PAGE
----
Monday, June 19, 2017

album review: 'the nashville sound' by jason isbell & the 400 unit

So as a general rule, I try to read a lot of music reviews after I finish mine, try to get a sense of the general discourse around a record and maybe for a little passive acknowledgement that I was at least on the right track when it came to my interpretations. And yet in 2015, I don’t think I read a review that missed the point harder than that of Something More Than Free by Jason Isbell – and if you know anything about that record’s critical reception, you all know exactly what publication put it out. Now on some level every critic is entitled to their opinion, and it's not like Jason Isbell makes easy music, especially in alternative country, so you can expect misinterpretations, but what I found a lot more exasperating was the assertion that since he was a left-leaning alternative country songwriter and a longtime veteran of a number of acts that his record should be speaking more to the social ills and issues of the time to have any sort of relevance, especially if it was as forward-looking as it was.

Now if you’ve heard Something More Than Free – and I highly recommend you do, it’s easily in my top five of the best records of 2015 – you’d know that wouldn’t remotely fit with the complicated and deeply personal thematic arcs underscoring the project, and that said projection was pretty damn short-sighted and ignorant. But then again, it’s not like said publication is known for its well-considered or well-articulated points on country music - and yet despite that, I get the impression Jason Isbell might have been listening. Granted, considering the current American political climate and the fact that Isbell was looking to kick some of the rock elements back in with the 400 Unit, that might have been inevitable, but he’s a canny enough artist to pivot when he needs to, or to make a point. Which, of course, said publication then called this album an one-note backslide in their review and called him more of a pop songwriter, even despite him doing exactly what they wanted, so maybe he shouldn’t have cared. Or maybe he doesn’t care at all and I shouldn’t either, and after all this is probably one of my most anticipated records of 2017, so fuck it: what did we get from Jason Isbell and the 400 Unit on The Nashville Sound?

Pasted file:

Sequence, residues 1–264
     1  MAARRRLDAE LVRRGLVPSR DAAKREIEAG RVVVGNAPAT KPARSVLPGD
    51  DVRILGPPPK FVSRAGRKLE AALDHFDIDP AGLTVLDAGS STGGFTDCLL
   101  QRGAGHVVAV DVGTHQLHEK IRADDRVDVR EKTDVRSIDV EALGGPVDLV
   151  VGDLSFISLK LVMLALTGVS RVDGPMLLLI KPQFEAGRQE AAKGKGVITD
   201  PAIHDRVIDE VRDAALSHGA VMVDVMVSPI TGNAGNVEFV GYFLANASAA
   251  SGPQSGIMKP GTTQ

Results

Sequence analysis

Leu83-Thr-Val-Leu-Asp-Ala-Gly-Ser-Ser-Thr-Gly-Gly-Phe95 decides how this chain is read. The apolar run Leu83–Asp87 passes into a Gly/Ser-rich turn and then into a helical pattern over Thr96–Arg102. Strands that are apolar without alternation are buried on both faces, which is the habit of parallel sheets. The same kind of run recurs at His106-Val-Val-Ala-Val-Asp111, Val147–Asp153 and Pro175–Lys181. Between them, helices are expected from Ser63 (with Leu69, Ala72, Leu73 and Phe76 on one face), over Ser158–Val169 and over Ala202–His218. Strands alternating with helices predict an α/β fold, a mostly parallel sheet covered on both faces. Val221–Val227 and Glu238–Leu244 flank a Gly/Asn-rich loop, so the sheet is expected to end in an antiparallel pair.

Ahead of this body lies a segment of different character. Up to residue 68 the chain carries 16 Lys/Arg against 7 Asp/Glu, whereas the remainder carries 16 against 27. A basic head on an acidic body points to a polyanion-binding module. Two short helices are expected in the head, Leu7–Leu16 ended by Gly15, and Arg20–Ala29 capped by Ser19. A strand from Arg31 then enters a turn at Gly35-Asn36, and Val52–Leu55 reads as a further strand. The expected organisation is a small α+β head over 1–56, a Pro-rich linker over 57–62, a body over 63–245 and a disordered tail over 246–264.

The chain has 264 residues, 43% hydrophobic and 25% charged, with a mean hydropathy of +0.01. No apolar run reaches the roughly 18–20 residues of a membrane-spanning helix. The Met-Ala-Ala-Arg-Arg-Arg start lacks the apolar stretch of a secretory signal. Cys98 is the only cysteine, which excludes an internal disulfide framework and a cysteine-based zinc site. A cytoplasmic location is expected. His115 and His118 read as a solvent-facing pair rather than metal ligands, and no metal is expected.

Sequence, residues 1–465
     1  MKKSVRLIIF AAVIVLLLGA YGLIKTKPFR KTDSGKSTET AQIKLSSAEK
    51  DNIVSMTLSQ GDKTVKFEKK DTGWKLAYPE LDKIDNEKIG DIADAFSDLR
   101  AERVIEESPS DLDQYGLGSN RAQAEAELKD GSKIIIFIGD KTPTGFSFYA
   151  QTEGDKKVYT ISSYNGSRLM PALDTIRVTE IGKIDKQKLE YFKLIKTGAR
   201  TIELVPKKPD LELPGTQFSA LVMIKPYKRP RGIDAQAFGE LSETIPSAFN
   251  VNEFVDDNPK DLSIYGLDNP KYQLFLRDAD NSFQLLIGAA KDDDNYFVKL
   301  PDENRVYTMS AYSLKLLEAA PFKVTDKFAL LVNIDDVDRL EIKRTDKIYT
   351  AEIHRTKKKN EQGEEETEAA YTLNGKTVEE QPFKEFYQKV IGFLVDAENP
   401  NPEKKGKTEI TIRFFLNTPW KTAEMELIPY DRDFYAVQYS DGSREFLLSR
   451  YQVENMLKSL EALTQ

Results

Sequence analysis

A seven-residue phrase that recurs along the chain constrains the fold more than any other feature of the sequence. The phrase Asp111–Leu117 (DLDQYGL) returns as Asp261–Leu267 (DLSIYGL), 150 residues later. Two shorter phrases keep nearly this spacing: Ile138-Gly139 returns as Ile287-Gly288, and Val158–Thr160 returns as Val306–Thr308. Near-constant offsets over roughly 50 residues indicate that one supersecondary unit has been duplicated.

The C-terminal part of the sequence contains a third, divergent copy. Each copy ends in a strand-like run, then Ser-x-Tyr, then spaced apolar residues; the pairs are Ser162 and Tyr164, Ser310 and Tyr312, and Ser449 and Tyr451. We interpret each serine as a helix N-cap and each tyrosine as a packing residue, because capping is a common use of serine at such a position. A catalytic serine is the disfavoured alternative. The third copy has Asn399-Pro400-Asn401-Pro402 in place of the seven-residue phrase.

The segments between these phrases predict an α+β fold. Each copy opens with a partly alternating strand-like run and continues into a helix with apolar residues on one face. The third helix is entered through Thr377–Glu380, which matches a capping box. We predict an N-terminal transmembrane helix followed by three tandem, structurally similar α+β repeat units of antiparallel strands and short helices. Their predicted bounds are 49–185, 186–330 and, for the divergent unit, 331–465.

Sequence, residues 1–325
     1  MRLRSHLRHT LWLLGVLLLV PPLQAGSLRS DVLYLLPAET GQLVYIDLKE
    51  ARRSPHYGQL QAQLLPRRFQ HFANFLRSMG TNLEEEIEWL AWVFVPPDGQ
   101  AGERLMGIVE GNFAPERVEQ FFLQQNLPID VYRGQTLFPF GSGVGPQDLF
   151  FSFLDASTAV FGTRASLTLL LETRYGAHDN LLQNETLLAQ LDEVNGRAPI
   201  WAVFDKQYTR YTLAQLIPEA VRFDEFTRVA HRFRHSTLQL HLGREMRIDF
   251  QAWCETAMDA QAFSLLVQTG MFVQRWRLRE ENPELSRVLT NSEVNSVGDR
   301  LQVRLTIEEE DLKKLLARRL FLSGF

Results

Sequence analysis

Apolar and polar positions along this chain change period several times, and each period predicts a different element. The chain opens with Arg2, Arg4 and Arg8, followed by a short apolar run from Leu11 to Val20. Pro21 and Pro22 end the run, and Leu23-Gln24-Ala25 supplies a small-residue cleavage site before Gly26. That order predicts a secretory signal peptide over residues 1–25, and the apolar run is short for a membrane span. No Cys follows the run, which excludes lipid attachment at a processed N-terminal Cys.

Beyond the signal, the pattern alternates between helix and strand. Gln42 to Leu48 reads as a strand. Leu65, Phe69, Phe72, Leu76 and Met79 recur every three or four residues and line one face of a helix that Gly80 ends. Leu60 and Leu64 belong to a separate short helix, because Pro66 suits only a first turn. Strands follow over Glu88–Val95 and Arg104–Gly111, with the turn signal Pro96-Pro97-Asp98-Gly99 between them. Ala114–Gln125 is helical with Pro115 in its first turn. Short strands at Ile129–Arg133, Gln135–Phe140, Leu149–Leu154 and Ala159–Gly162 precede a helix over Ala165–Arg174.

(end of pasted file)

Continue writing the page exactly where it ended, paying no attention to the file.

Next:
So here's the thing: upon listening to this record a good dozen times, I actually can hear what that other publication's critic might have been referring to across this album, because in comparison with the more abstract, story-driven paintings that characterized so much of Southeastern and Something More Than Free, this album does indeed feel more direct in its storytelling, and certainly more aggressive. And I can see how that approach might be branded as more blunt, maybe even simplistic, and on the surface it might even be reminiscent of the haunting of the past that many would think Isbell put behind in him on the last record. Of course, with the acknowledgement of any sort of context, it all makes sense and showcases yet again why Isbell is one of the best in the industry, but if you're a critic for a highly 'respected' publication, why bother with necessary context on a distinctly political and personal record, right?

Okay, I'll stop with all of that, but the truth is that Jason Isbell occupies a distinctly unique place in modern country: a storyteller conscious of thematic arcs and the personal details that inform the writing, but also a man who is still reconciling a newfound family, personal anxieties and a sobriety that means he must confront them, and progressive ideals that might feel common for some of us but fly in the face of what many even in alternative country hold. That's one of the reasons why opening the record with 'Last Of My Kind' is such a potent choice: Isbell probably has more in common politically with those who live in coastal cities, but he's also acutely aware of how disquieting someone of his background might find that environment, where there isn't the same empathy and an embrace of reckless hedonism that can further tempt him. And so he highlights a very different kind of trap on 'Cumberland Gap', the sort of song cutting into the decay of small Appalachian towns that blends the very real desperation and fear that would inspire someone to vote a certain way, although Isbell's smart enough to cut back a few songs later with 'White Man's World', which calls to task that level of privilege with a bluntness you don't see in country music. And it's not a song seeking to shame for privilege, instead highlighting a responsibility to change and equalize that system, even if he knows that it's an uphill battle and one that his wife knows is unlikely to change - but for his infant daughter's sake, he's going to try.